Update from the Pacific Institute California Drought Response Group – May 12


For the latest updates about the California drought go to www.californiadrought.org

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This week in… the State Board

Last week, the State Water Resources Control Board issued the first mandatory water restrictions in the state’s history. The rules, which take effect June 1st, will be in place until February 2016. Under the new restrictions, every water service provider with more than 3,000 connections must conserve a specific percentage of their 2014 per capita use. Percentages range from 8 to 36 percent. Any utility not meeting its target faces fines up to $10,000 per day.

On May 1st, the State Board issued curtailment orders to junior water rights holders in the Sacramento River watershed, adding to the curtailment orders that have already been issued for junior water rights holders in the San Joaquin River, Scott River, Antelope Creek, and Deer Creek watersheds. This Monday, the State Water Resources Control Board announced it would soon be issuing curtailment orders to users with the most senior water rights.

In other news…

  • San Jose Water Company will begin imposing mandatory water rationing next month, making San Jose the largest California city to impose rationing.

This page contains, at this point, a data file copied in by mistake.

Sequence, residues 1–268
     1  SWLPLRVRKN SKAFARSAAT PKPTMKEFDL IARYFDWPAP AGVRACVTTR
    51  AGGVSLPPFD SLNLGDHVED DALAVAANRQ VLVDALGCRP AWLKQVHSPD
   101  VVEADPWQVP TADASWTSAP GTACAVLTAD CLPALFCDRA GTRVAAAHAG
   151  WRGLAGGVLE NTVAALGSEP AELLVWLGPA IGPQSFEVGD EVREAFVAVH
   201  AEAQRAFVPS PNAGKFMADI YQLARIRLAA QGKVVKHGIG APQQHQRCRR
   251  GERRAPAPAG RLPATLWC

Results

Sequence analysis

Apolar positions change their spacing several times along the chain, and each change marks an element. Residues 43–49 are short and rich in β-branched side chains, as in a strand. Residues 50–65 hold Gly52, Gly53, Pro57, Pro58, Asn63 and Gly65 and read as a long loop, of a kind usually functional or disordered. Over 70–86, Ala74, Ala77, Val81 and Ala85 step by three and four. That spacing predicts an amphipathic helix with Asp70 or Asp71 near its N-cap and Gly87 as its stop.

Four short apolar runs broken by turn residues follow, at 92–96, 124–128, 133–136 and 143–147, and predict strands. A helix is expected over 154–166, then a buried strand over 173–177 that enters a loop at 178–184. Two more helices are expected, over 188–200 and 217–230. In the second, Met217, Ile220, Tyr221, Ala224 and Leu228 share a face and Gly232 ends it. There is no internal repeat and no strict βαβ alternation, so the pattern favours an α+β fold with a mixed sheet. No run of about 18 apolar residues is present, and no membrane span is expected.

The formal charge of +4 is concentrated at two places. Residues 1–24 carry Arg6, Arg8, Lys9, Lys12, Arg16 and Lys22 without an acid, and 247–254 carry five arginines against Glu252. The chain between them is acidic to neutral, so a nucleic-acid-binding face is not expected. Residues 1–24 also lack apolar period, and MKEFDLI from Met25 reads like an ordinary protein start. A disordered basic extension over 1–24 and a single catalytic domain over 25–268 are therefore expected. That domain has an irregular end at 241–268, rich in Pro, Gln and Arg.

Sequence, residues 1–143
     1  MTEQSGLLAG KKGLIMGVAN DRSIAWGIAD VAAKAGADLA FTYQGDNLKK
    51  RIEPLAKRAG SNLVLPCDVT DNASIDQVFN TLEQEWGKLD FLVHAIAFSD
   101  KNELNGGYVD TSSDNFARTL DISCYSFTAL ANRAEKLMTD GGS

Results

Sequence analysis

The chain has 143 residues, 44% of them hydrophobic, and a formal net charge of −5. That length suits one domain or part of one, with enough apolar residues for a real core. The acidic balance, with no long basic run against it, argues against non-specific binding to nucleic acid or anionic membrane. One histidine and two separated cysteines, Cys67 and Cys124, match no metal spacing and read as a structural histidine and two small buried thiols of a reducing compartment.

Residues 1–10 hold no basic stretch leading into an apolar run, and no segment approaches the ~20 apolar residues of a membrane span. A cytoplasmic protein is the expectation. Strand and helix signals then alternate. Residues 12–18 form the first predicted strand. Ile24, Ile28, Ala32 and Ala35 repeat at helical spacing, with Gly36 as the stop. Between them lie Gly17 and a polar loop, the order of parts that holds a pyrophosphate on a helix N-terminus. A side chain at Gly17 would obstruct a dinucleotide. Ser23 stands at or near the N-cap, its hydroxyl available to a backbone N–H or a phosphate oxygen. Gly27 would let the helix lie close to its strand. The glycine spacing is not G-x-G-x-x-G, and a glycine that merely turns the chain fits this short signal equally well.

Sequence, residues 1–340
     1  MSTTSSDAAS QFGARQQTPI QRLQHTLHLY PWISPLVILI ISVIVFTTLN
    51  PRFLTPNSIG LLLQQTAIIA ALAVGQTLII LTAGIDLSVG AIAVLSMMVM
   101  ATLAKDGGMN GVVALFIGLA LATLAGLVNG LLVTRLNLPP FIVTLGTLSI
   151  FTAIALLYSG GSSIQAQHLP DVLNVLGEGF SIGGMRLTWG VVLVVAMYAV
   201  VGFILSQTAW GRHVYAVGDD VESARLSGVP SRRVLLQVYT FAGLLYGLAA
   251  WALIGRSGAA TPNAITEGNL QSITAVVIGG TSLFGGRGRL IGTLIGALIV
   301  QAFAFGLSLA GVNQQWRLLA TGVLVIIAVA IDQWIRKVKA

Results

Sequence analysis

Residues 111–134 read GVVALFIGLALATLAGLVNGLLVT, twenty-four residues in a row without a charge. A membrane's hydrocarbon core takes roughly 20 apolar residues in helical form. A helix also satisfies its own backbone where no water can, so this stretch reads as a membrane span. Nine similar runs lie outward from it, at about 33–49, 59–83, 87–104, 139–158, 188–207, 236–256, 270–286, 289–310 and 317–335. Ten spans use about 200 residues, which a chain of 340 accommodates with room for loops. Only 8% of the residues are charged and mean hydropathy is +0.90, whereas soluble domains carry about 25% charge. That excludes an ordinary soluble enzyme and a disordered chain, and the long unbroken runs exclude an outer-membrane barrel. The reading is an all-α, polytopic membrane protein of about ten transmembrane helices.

• The state has started building an emergency salinity barrier in the Sacramento-San Joaquin Bay Delta. The barrier is intended to prevent saltwater intrusion and protect the quality of water pumped from the Delta for irrigation and urban use.
  • The U.S. Forest Service estimates the drought has killed at least 12 million trees in California’s national forests, which are already at an elevated risk from wildfires.

California Drought Status

Drought Monitor

Drought conditions remain effectively unchanged from two weeks ago.

















Despite unseasonable snow and rainfall last week, average precipitation for the water year (which begins October 1st) is still at or below normal for most of the state.















Reservoir Conditions

Statewide, California’s major reservoirs (representing 27.3 million acre-feet of storage) are at 45% of capacity and 58% of group average.